2013 was a horrible year for some state owned conglomerates which were considered the “iron fists,” or the “motive force” of the national economy.
Big bosses met big disasters
While Vinashin (Vietnam Shipbuilding Industry Group) case, found as incurring big debts and losses due to the mismanagement, was considered the highlighted event of 2012, the corruption case at Vinalines (Vietnam National Shipping Lines) has been put on the top highlight of 2013.
In mid-December 2013, former Head of the Vietnam Maritime Bureau, former President of Vinalines Duong Chi Dung, and Vinalines’ General Director Mai Van Phuc was sentenced to death for the counts of making corruption and intentionally violating the laws on economic management, causing serious consequences.
The other 17 defendants in the case have been sentenced to up to 20 year imprisonment.
The case relates to a ship repair yard in the south in 2007. Vinalines’s managers bought an old, seriously damaged floating dock worth $2 million, reporting the purchase price at $19.5 million.
By 2012, Vinalines had poured more money into the floating dock, raising the total investment capital of the valueless thing to $24 million. However, it remains useless, has been left as scrap iron polluting the sea.
Each Dung and Phuc reportedly pocketed VND10 billion from the affair, while the State lost VND366 billion.
Vinalines’ case has been stirring the public for the last many months. Analysts have recalled that just two years ago, Vinalines, which was still considered as a powerful state owned corporation, together with the Vietnam Oil and Gas Group (PetroVietnam), were assigned the task of rescuing Vinashin.
Prior to that, in 2012, former Vinashin’s President Pham Thanh Binh was sentenced to a 20-year imprisonment. Binh and the other eight defendants, who bought the old and backward Hoa Sen Ship, caused the loss of VND910 billion to the State. The figure is 2.4 times higher than the loss caused by Vinalines.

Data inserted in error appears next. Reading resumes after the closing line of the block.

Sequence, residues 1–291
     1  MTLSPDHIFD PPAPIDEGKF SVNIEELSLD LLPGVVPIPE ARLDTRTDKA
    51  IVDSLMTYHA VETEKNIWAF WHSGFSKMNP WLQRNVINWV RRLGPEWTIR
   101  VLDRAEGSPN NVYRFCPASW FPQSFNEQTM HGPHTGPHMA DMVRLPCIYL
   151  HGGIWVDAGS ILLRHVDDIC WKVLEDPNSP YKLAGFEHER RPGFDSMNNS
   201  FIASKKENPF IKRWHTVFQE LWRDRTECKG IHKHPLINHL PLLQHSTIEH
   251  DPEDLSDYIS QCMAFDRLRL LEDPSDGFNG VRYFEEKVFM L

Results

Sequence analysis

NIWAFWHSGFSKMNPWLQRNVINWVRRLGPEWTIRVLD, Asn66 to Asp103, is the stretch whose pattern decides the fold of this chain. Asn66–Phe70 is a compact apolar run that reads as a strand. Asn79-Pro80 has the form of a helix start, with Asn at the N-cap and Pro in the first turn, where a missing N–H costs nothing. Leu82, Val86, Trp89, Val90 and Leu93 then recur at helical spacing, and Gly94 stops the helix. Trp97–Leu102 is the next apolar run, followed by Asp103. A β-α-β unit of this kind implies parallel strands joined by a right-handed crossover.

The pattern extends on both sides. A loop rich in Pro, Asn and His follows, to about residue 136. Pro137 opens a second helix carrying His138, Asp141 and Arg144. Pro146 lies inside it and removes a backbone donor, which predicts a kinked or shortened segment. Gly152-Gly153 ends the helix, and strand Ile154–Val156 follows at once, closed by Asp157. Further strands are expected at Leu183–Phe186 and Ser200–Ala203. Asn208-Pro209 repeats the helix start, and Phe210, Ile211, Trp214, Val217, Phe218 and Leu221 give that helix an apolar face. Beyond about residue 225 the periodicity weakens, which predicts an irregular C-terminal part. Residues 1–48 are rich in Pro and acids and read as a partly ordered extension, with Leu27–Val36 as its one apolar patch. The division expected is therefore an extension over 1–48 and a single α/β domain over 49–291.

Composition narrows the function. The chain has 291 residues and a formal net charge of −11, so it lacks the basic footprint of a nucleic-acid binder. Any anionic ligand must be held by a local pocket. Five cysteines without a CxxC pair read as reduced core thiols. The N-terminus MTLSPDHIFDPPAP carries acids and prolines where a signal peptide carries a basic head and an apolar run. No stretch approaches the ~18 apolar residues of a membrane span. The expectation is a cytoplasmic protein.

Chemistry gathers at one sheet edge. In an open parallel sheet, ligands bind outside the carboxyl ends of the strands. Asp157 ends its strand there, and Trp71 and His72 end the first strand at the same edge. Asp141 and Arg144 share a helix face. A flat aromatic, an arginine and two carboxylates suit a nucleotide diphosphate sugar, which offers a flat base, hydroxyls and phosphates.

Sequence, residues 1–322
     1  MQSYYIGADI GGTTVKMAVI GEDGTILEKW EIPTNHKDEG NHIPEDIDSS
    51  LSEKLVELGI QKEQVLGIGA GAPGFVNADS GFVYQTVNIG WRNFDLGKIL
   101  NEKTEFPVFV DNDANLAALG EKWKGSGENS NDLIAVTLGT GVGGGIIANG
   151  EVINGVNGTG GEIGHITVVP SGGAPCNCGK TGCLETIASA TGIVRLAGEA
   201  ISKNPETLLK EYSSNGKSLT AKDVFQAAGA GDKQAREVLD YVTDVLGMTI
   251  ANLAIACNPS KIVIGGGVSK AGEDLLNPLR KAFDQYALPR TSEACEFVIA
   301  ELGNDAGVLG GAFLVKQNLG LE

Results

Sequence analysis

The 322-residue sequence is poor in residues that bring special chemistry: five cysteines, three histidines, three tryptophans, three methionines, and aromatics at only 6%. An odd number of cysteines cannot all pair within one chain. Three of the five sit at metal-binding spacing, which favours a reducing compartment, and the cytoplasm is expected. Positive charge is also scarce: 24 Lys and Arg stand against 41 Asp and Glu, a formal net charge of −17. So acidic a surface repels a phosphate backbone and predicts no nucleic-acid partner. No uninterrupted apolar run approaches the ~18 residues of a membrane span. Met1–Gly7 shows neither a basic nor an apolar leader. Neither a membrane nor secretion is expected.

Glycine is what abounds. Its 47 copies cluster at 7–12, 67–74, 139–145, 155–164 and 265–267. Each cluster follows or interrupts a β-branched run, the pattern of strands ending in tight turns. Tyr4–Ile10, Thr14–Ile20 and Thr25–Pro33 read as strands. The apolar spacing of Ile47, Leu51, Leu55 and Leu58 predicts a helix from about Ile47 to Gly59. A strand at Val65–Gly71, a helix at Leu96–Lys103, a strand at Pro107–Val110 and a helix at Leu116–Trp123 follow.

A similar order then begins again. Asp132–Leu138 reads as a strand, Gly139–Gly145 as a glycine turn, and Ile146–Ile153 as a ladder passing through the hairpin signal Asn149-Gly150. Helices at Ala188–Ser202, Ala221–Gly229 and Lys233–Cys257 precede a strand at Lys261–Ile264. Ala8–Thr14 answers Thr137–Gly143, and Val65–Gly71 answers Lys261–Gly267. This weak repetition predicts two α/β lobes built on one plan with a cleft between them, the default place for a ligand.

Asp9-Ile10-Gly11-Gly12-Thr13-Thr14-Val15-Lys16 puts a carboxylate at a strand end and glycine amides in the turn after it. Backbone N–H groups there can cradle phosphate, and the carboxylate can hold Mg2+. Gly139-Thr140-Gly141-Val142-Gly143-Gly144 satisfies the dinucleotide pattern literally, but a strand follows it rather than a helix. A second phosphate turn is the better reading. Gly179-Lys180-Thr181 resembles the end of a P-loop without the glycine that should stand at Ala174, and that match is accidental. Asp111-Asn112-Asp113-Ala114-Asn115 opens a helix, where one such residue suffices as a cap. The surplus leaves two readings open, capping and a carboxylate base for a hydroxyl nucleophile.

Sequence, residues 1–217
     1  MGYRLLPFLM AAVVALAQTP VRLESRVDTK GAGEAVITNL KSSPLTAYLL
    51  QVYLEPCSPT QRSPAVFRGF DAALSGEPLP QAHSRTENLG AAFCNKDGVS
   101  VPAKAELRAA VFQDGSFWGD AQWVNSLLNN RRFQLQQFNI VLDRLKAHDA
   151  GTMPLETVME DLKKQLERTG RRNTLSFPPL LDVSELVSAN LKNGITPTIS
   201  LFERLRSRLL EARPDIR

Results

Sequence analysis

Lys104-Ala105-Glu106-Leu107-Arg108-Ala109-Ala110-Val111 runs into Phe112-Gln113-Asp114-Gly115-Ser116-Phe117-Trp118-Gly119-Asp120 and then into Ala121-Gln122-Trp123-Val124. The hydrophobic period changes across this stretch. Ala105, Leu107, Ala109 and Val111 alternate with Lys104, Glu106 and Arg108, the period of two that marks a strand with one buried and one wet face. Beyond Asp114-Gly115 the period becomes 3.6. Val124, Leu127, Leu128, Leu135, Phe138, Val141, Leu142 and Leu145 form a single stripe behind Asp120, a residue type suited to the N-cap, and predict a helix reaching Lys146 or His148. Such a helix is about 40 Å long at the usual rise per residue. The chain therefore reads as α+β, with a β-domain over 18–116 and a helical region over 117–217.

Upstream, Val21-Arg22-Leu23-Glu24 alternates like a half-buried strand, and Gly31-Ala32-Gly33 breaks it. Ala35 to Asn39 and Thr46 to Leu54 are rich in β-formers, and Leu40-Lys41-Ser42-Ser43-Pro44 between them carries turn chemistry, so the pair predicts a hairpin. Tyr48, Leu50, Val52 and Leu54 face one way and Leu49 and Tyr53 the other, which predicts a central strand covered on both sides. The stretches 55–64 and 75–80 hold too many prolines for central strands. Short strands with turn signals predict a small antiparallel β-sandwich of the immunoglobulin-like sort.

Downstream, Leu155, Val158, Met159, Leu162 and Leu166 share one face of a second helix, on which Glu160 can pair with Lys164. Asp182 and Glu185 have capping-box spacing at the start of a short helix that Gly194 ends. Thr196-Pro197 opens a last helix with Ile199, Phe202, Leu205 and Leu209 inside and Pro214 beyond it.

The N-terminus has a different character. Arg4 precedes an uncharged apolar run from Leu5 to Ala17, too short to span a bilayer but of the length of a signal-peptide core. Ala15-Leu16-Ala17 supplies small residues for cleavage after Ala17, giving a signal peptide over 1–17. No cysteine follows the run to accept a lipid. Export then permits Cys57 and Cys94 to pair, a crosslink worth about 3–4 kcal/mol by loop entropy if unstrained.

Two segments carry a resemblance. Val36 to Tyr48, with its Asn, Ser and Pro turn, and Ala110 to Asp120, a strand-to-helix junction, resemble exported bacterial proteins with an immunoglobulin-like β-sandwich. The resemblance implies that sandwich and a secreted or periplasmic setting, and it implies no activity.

In 2009, President of the Vietnam Coal and Mineral Industries Group (Vinacomin) Doan Van Kien was dismissed for the “management loosening.”
Dao Van Hung, President of the Electricity of Vietnam, was dismissed for a series of mistakes in the management. Especially, EVN incurred the loss of over VND1 trillion when it made investment in telecom, which was not its core business field.
The big state owned corporations and the big debts
State owned economic groups and general corporations have been described as the economic sector which has been going very slowly in the restructuring process and operating ineffectively. “Loss” and “debt” are the two words most popularly used when talking about them.
In late November 2013, Minister of Finance Dinh Tien Dung, reported before the National Assembly that 105 state owned groups and corporations had incurred the huge debt of VND1,350 trillion and the accumulative loss of VND29 trillion.
The ratio of accounts payable on the stockholder equity of the enterprises was 1.46. However, 48 of them were found as “going beyond the safety line” with the ratio far exceeding the allowed level.
Lilama, for example, had the ratio at 53.19, Bach Dang Construction Corporation 20.97, Cienco 8 20.02.
Dr. Pham The nh, a well-known economist, has noted that the debts are so big that the State may have to come forward and pay the debts instead of letting the enterprises go bankrupt.